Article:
PIzzolatto uses a similar plot device to one he used in True Detective, flash-forwards of Cady in Galveston twenty years later. He is preparing for a huge storm that is approaching town, when he notices someone watching him from behind the wheel of an expensive looking car.

One one level, there is nothing particularly new or complex about this book. The main character is a washed up violent criminal who has no fear because he already believes death is only a matter of time due to his cancer. Rocky is a damaged hustler who can’t stop herself from engaging in harmful behaviour to herself and those around her. Pizzolatto adds a cast of supporting characters, other residents of the motel, some of who are kind while others are dangerous

What makes this book so readable is the writing, which is terrific, if at times a touch over done. Pizzolatto is particularly in his element when describing the run down beauty of Louisiana and Texas, a ghostly landscape populated only by the old, the criminally inclined and those too poor or sick to leave.

As was the case in his television series, the story is messy and a lot is left unexplained. Things just happen, people act certain ways. Pizzolatto doesn’t feel the next to explain why this is, as in real life, shit just happens, often very quickly and things immediately move on.

If you don’t like that this book will probably annoy the hell out of you. I loved the True Detective series and I devoured this book in a couple of days.

True Detective

true-detectiveLong before it was a television series, True Detective was the name of an American magazine that specialised in lurid, sensationalised stories of real-life crimes, often told from the point-of-view of the grizzled police veterans who investigated them.

This reference point is important when discussing the television incarnation of True Detective. The central thread and internal mythology of the show – two tough, damaged police detectives, hell-bent on avenging the murder of innocent women and children in the face of considerable official complacency – owes much to the true-crime magazine genre. It’s also been a standard trope in crime fiction since the 1930s.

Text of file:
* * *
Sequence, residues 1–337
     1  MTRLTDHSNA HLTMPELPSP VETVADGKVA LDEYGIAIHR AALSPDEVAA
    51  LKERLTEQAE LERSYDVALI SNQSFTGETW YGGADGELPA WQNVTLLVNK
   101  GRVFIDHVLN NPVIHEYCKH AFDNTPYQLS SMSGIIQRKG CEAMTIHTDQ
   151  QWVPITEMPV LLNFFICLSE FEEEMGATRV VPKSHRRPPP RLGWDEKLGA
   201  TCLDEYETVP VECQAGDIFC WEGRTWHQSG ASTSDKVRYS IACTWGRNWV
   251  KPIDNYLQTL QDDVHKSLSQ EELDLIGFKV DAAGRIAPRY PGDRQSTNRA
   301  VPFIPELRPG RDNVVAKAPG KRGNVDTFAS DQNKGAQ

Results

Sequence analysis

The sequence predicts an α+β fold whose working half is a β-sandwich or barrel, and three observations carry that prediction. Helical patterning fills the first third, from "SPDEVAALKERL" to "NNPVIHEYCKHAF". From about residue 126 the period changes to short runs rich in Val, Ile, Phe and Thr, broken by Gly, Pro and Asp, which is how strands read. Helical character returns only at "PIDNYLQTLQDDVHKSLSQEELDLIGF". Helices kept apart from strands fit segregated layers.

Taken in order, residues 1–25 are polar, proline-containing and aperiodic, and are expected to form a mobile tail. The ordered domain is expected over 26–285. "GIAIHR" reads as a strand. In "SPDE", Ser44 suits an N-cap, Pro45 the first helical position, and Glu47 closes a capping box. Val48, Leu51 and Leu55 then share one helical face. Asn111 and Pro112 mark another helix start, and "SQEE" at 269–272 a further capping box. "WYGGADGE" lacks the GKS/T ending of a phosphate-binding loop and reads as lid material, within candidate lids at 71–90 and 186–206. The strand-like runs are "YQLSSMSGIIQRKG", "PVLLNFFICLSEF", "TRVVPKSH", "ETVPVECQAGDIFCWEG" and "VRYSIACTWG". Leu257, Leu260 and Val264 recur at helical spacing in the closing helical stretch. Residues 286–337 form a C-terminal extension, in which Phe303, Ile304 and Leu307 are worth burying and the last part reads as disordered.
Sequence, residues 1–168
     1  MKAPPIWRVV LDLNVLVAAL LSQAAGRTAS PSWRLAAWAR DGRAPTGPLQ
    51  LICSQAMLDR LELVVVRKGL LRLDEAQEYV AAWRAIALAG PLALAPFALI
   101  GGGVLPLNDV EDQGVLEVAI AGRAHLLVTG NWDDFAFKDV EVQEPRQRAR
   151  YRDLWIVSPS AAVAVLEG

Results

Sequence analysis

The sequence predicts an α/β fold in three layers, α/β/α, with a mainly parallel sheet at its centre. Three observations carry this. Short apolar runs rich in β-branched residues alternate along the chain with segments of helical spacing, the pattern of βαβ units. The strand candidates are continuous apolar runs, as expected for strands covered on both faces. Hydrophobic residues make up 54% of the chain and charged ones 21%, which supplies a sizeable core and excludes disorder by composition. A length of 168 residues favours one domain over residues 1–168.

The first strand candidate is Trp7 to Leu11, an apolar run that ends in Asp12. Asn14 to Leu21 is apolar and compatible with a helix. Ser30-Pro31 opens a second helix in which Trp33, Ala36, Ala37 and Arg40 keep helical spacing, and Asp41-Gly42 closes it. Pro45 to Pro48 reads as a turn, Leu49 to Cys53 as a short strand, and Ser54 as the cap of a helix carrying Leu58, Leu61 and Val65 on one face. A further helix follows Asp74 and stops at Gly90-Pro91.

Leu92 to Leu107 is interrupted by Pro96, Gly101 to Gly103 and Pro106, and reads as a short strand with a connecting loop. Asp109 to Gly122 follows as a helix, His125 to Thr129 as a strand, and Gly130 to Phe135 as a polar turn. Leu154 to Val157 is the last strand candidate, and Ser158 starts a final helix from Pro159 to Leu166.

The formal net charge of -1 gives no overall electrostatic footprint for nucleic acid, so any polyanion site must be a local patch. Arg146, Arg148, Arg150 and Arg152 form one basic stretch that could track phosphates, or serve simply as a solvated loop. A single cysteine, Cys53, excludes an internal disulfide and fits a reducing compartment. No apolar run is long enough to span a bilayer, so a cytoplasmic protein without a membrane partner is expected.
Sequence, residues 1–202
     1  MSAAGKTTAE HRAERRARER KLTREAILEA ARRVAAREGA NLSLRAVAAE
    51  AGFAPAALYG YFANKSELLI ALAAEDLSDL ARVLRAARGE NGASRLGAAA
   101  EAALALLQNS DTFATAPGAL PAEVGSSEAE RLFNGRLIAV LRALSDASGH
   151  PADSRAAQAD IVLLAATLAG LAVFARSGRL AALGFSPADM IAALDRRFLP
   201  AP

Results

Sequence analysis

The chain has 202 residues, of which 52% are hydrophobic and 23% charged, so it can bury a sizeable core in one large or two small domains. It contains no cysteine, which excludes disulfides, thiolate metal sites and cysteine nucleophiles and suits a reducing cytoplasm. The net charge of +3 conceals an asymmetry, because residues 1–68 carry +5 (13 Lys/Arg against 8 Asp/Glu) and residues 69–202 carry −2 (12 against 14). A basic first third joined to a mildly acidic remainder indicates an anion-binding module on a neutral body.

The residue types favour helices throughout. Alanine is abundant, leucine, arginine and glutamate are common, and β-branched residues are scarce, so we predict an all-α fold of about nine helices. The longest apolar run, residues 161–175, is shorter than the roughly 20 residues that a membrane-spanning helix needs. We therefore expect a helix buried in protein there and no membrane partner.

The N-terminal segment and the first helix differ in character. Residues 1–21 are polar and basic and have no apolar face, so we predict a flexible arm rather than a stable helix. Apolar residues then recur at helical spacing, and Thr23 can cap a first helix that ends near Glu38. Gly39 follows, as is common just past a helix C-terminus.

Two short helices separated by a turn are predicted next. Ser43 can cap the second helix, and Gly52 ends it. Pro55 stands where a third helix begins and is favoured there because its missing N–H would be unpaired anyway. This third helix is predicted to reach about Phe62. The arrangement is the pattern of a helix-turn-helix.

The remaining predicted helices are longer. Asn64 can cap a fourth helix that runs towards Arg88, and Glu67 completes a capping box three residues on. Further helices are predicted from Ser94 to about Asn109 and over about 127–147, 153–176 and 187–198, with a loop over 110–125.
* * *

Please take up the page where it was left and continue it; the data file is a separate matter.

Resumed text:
The eight-part series (and careful, some spoilers follow) begins in Louisiana in the mid-90s. Two police detectives, Marty Hart (Woody Harrelson) and his new partner Rust Cohle (Matthew McConaughey) are assigned to investigate the murder of a young woman. Particularly shocking are the presence of strange occult symbols on the woman’s body and surrounding crime scene. All we know about the woman is that she was a drifter and a prostitute. With the exception of Marty and Rust, no-one wants to spend too much time and energy finding out what happened to her.

As the investigation proceeds, the detectives begin to link her killing to a string of apparently unrelated disappearances across the huge expanse of rural Louisiana. A lone serial killer with occult tendencies or the head of a fundamentalist Christian church that funds schools in poor rural areas are two possible culprits.

Interspersed with these events are flash-forwards of Marty and Rust, older and much worse for wear, being interviewed separately by police about their recollection of the case. Why is not made clear until the halfway mark of the series. The two detectives thought they had solved the case back in the 90s, but killings with the same occult signs are still occurring.

You can read the rest of my review of True Detective at the site of Overland Journal.